Caffeine, a stimulant found in coffee, tea, and certain soft drinks, contains C, H, O, and N. Combustion of 1.000 mg of caffeine produces 1.813 mg CO2, 0.4639 mg H2O, and 0.2885 mg N2. Estimate the molar mass of caffeine, which lies between 150 and 200 g/mol.
Solution: What we must determine is the molecular formula and the only way to get it with the data given is to determine the empirical formula. One we have that, we can get the "empirical formula weight" and multiply it by the proper scaling factor to get the molar mass.
Step One: determine the mass of each element present.
Carbon: 1.813 mg x (12.011 / 44.0098) = 0.4948 mg
Hydrogen: 0.4639 mg x (2.016 / 18.0152) = 0.0519 mg
Nitrogen: 0.2885 mg is given in problem
Oxygen: 1.000 mg minus (0.4948 + 0.519 + 0.2885) = 0.1648 mg
If the mass of N was given in terms of NH3, we would use the factor (14.007 / 17.031) to get mass of N. If the mass of N was given as N2O5, we would use the factor (28.014 / 108.009) to get the mass of N.
Step Two: Convert mass of each element to moles.
Carbon: 0.4948 mg ÷ 12.011 mg/mmol = 0.0412 mmol
Hydrogen: 0.0519 mg ÷ 1.008 mg/mmol = 0.0515 mmol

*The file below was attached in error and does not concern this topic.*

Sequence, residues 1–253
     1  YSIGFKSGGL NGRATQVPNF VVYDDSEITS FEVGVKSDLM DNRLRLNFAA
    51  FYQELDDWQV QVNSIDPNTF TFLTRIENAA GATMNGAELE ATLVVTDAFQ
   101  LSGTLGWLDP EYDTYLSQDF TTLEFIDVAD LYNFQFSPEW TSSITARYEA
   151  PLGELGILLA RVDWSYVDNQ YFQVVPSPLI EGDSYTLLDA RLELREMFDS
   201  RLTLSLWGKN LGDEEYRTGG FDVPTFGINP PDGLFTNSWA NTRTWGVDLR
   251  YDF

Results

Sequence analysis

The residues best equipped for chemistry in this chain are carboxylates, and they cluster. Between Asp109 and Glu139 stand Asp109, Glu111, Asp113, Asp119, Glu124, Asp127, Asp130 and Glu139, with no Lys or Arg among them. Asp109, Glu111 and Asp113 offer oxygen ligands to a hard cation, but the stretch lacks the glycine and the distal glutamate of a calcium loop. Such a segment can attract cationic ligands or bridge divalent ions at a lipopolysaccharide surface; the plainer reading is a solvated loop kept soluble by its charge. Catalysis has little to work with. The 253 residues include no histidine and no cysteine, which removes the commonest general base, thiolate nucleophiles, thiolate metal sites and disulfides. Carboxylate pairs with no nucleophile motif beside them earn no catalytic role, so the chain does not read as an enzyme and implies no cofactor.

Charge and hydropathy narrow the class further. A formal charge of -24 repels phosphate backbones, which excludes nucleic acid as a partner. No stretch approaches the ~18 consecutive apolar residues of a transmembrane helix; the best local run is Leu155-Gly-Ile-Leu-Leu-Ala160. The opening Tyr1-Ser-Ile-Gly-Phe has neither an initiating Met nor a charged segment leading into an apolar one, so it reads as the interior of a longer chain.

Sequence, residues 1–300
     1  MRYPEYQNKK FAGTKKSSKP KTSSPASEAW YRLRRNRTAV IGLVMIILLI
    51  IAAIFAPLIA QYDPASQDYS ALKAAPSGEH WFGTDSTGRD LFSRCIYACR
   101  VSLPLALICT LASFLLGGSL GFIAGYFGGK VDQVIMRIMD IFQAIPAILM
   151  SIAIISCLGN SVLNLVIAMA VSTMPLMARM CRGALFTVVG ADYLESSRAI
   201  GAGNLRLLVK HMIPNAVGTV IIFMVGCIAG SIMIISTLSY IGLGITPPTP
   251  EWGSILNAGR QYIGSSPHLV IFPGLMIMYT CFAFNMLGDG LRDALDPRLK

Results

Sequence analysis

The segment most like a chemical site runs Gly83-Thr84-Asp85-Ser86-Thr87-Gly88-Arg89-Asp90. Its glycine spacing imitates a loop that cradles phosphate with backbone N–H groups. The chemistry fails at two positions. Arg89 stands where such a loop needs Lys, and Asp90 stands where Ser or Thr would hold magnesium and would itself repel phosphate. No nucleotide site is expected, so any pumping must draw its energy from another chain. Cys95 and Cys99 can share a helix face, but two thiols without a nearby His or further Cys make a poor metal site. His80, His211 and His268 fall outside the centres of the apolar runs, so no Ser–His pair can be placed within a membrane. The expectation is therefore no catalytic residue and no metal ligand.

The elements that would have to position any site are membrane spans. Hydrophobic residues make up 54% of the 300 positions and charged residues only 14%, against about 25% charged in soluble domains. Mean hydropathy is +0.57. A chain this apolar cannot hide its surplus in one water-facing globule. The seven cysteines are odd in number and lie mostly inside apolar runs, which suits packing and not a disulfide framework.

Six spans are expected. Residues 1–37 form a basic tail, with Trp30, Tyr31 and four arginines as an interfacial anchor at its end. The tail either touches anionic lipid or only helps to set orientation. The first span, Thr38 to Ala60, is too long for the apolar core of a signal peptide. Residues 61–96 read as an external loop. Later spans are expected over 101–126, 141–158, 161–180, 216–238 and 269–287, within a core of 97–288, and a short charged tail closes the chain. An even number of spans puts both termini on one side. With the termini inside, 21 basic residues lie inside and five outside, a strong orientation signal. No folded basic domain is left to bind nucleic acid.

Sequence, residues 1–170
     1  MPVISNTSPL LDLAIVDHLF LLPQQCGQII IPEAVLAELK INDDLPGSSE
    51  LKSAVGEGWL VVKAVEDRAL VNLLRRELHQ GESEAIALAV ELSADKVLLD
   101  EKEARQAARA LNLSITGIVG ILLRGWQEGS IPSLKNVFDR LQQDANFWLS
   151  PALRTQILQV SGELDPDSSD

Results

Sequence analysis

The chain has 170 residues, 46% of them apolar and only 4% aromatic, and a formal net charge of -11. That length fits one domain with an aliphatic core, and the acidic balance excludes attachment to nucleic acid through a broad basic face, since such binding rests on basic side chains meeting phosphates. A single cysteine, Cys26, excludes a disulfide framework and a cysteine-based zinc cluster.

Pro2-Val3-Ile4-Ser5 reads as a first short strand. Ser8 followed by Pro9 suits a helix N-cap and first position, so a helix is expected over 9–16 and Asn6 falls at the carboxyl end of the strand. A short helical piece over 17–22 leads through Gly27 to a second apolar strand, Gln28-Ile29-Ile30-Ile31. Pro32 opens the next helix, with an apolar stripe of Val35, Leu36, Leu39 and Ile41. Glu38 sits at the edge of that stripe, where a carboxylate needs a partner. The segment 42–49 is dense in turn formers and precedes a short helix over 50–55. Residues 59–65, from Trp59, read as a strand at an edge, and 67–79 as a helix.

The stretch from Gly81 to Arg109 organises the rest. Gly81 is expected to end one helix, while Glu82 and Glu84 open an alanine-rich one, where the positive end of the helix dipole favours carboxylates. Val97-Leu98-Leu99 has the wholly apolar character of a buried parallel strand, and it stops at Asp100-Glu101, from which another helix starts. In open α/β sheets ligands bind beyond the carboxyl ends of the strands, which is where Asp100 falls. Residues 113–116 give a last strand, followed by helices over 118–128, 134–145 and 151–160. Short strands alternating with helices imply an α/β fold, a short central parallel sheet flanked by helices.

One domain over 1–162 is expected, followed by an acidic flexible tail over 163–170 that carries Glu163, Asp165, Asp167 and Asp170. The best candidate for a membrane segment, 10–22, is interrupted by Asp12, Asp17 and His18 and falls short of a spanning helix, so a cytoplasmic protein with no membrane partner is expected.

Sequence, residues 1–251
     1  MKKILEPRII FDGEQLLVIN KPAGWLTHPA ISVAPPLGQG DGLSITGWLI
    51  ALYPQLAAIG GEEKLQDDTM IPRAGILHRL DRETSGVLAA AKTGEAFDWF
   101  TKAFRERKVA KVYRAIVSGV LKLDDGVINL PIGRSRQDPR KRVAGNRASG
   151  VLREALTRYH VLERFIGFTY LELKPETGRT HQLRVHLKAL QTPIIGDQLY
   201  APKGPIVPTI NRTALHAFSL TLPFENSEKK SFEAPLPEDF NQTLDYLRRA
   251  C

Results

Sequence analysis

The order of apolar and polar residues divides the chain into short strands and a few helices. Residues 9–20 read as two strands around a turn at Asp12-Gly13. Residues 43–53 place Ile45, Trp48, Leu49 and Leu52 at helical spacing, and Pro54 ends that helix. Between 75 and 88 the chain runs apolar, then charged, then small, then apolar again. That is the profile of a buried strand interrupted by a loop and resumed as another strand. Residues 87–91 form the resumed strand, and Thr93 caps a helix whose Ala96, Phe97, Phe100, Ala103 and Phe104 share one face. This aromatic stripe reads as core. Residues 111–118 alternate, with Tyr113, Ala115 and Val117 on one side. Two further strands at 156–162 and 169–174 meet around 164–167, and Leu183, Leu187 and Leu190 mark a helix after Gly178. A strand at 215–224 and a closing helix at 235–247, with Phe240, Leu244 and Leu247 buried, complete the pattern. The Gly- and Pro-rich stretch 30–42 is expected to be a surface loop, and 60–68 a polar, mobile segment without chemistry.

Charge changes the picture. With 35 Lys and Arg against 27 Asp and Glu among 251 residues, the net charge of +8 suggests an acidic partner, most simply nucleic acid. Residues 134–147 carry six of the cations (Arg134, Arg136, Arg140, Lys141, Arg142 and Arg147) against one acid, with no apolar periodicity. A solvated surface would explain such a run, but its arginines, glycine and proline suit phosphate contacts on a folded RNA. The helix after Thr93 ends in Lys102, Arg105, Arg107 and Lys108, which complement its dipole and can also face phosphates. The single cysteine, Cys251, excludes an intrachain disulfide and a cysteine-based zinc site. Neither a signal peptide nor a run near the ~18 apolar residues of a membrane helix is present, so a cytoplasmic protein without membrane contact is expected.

Nitrogen: 0.2885 mg ÷ 14.007 mg/mmol = 0.0206 mmol
Oxygen: 0.1648 mg ÷ 15.999 mg/mmol = 0.0103 mmol
Comment #1: notice that the mass for nitrogen is is given as mass of N2, but 14.007 (the atomic weight) is used. Why? Answer: we are interested in moles of N atoms involved, NOT moles of N2 molecules.
Comment #2: notice that I used the unit mg/mmol (milligrams per millimole) for the molar mass. When milligram amounts of substance are used, using mg/mmol as the unit on the molar mass (rather than g/mol) allows us to use the mass unit of mg rather than g. Note also that the numerical value is not changed in using mg/mmol. That is because both the numerator (grams) and the denominator (mol) of the original unit have been divided by 1000 to obtain the "milli" prefix.
Step Three: find the ratio of molar amounts, expressed in smallest, whole numbers.
Carbon: 0.0412 mmol ÷ 0.0103 mmol = 4
Hydrogen: 0.0515 mmol ÷ 0.0103 mmol = 5
Nitrogen: 0.0206 mmol ÷ 0.0103 mmol = 2
Oxygen: 0.0103 mmol ÷ 0.0103 mmol = 1
The empirical formula is C4H5N2O. Since the "EFW" of this is about 97, let's multiply by two. This gives us a molar mass for caffeine of about 194. The value given in reference books is 194.19.